Murray explained that lockdown brings extra challenges for people on the autistic spectrum, explaining: “I personally cannot wear a mask as it causes me severe distress.”
A young Edinburgh man who is on the autistic spectrum has explained why not everyone should have to wear a mask.
Edinburgh Live first spoke to Murray after he took it upon himself to clean the Meadows, working until 11pm filling bin bags with litter.
Murray MacDonald, 28, says he has found it hard to adjust to lockdown life, like so many of us. But Murray also has an autism spectrum disorder which make some of the lockdown changes even more of a challenge for him.
Nicola Sturgeon has announced that wearing a mask while in shops and on public transport is mandatory except for people with certain conditions like respiratory problems or people with autism.
Murray, who lives near the Meadows, said he has found the new rules really tough, although he understands why people were being asked to wear masks.
“I personally cannot wear a mask as it causes me severe distress,” he explained.
“I know that sounds petty to a certain degree but anything that covers my face makes me really stressed, I can’t even wear a Halloween mask or a mask when I’m painting my boat,” he explained.
Murray said he didn’t fully understand the reasons why he and other people with autism have a sensory issue with face coverings, but it is a widely-accepted fact.
He said the National Autistic Society and similar organisations had been working hard to support people like him through the pandemic.
“I carry an autism alert card when I use public transport and in shops,” Murray said.
“It allows me to explain to others that I am autistic”.
Murray urged others with the condition consider getting one of the cards.
“The alert cards are very handy during this time” he said, “they will give you and others that little bit of support and understanding if you get into a difficult situation when out and about.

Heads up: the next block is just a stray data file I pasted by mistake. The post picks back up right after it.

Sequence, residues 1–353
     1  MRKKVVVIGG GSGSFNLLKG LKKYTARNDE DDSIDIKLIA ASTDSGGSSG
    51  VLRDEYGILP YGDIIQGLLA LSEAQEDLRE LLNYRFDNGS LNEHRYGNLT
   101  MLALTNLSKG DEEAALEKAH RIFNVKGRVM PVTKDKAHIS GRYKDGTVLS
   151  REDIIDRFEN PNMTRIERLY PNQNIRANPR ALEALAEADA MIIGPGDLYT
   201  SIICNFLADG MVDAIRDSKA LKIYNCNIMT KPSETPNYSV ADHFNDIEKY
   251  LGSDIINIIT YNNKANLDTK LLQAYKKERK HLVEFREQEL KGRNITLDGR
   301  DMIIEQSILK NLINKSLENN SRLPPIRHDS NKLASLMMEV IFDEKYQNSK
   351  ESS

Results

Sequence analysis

“They are available from the National Autistic Society website”.
He added: “I’d also like to thank other organisations like Scotrail, Tesco and Sainsbury’s who have been accepting and understanding of the exemptions that autistic people have been given throughout the pandemic – such as being allowed to exercise more and not having to wear a face mask if it causes distress.”
Murray runs a charity called Autism on the Water to raise awareness through sailing.
“When the pandemic started I was devastated that what was supposed to be the charity’s biggest year was going to come to nothing,” he said.
But instead Murray has used lockdown to do a lot of behind the scenes work at his charity and now he’s got a fantastic new team helping develop more activities for people with autism.
But the biggest drawback about lockdown for Murray is something we can all relate to, being separated from family.
Murray said: “I’m so glad we are slowly returning to normal as restrictions are eased, but I’m counting down the days until I can go and visit my Mum again who lives in China.
“That’s been the hardest part of this pandemic, not knowing when I’ll next see her.”
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